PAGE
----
Communal (connecting with others, cooperative, sensitive, empathetic, and nurturing)
Emotional and often cry; unable to control emotion; less credible
Agentic (assertive, autonomous, self-promoting, dominant, and tough)
Hard-headed and able to control emotion; knows when to display emotion (if at all)
Women are more interpersonally oriented and democratic than men, and men are more task-oriented and autocratic than women.
Sometimes people view women as lacking the stereotypical directive and assertive qualities of good leaders—that is, as not being tough enough or not taking charge. “Sometimes people dislike female leaders who display these very directive and assertive qualities because such women seem unfeminine—that is, just like a man or like an iron lady.
Systemic Barriers that Inhibit Women’s Abilities to Lead Effectively
The list assembled below includes typical barriers and obstacles that prevent women from reaching the top.
1. Lack of access to positions of power; discrimination: men are favored for upper echelon positions
2. Domination and lack of respect
3. Bias, prejudice, negative stereotyping based on traits and behavioral characteristics attributed to women
4. Perceived incompetency and therefore viewing women as less credible as influence agents
5. Cross-pressures and competing priorities between leadership and gender roles
6. Lack of adequate mentoring and lack of female role models in the workplace
7. Organizational culture with a bias toward hiring men: Competent women are perceived as violating prescriptive gender role norms that expect women to be communal
8. Agentic women are considered less socially competent or accepted
9. Succession planning that ignores women’s careers
10. The “vision thing” that is perceived to be lacking from women’s transformational leadership style
11. Female managers are isolated from social networks
12. Women are more internally motivated by self-improvement and goals related to team success, not only quantitative benchmarks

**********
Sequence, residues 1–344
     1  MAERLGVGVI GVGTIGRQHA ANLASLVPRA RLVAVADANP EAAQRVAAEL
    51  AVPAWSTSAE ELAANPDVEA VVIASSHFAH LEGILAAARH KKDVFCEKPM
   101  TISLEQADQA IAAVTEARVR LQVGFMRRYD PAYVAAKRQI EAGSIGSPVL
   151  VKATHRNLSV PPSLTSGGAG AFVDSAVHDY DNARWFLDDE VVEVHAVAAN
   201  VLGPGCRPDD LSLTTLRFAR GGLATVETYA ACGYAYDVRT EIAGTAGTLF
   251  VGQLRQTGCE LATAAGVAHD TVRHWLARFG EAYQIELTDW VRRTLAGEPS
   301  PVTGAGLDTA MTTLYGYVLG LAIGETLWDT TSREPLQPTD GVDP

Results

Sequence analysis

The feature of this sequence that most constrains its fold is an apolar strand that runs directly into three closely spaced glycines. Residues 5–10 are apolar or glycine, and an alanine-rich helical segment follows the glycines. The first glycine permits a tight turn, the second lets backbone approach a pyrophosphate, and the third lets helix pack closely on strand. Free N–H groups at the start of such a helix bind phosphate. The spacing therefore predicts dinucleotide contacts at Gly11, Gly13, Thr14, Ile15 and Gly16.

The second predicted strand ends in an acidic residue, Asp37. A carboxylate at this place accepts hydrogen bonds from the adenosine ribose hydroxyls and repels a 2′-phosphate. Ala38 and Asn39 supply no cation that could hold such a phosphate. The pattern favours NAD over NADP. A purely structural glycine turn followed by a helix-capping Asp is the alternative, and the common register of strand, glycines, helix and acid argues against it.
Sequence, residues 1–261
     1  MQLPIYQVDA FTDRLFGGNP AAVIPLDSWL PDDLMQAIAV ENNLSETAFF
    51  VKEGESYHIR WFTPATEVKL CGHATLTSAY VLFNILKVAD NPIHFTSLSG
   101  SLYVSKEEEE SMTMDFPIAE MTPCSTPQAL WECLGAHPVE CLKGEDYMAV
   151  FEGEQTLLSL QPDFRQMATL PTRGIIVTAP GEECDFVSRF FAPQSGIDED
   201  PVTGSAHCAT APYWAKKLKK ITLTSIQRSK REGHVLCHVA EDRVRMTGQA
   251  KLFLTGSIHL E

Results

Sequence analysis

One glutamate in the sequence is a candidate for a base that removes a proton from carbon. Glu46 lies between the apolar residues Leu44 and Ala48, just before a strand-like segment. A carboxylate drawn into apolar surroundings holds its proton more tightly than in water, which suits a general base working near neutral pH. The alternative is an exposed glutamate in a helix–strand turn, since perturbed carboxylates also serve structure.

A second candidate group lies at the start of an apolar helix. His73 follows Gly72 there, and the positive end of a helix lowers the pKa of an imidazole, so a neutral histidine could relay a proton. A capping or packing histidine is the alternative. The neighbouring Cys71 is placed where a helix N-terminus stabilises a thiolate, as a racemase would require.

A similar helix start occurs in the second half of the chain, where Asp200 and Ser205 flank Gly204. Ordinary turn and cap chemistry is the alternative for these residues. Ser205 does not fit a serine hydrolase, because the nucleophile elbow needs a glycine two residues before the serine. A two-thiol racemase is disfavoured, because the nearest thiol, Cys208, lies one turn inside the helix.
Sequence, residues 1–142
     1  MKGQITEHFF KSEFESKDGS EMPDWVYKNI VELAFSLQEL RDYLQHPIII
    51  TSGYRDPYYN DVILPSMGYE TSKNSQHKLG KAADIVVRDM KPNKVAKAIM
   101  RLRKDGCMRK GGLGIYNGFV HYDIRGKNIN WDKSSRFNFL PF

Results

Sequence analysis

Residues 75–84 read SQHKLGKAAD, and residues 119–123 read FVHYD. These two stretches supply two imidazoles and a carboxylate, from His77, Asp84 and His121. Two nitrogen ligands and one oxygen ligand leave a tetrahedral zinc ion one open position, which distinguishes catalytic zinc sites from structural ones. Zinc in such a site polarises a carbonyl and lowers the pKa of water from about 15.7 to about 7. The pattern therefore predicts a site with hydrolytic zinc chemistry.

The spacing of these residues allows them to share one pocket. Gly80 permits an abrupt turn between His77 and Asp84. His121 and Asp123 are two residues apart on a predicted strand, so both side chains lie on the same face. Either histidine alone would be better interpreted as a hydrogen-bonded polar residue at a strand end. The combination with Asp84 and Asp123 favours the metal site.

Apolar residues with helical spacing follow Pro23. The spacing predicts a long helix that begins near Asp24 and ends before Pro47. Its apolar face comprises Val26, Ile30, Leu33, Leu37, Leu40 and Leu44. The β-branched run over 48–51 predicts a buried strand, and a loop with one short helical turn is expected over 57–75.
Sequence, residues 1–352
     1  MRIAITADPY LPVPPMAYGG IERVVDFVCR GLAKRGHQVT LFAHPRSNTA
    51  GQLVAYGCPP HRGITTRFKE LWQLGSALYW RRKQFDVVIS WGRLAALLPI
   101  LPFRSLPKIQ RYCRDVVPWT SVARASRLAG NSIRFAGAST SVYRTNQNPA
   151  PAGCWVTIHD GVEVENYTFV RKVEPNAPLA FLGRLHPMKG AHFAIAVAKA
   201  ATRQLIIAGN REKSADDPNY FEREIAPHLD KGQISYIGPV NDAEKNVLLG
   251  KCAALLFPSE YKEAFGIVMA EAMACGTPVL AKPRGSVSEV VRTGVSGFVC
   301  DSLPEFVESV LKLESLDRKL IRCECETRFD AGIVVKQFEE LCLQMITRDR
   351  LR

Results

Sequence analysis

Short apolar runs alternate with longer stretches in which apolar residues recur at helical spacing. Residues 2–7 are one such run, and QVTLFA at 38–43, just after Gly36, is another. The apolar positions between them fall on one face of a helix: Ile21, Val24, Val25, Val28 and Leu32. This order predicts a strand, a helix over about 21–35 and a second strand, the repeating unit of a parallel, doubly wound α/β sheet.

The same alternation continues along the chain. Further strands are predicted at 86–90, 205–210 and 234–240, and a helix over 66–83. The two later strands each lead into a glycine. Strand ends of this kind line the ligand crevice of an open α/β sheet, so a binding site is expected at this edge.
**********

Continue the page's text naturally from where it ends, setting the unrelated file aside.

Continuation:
13. Reward systems organized around extrinsic values and hard skills; intrinsic values and soft skills are less emphasized
14. Greater preference for male bosses
15. Outright discrimination based on sex as well as on race
Many women report that to be successful, they need to demonstrate super-human levels of commitment, technical proficiency, meeting bottom line results, exhibiting strategic thinking, demonstrating effective decision-making skills, applying creativity, having effective conflict-resolution skills, and coping with change and uncertainty—all coupled with long hours at work. What’s more, women have to deal with the inconsistency of their own sense of success and the way organizations measure it. Women also experience cross-pressures for their time and the constant need to balance competing priorities across life and career goals that are different for men. Consequently, many women choose to work part-time or not at all so they can attend to their families at home. Others telecommute by working from home, most commonly on a part-time basis. Indeed, Ruderman and Ohlott (2004) reported a higher turnover rate for women than for their male counterparts in executive positions with at least ten years of experience.
Organizations must not only recognize the barriers that exist that prevent women from fully committing to work, but also must offer support to help women balance their contradictory roles.
Women help boost a company’s public image and reputation through support of social responsibility and philanthropic programs. They add value to the company with unique adaptability skills and are masters in creating positive work climates based on inclusion and diversity. They typically have a stronger moral orientation and possess more social sensitivity than men, a necessary attribute to have on a socially accountable company’s board.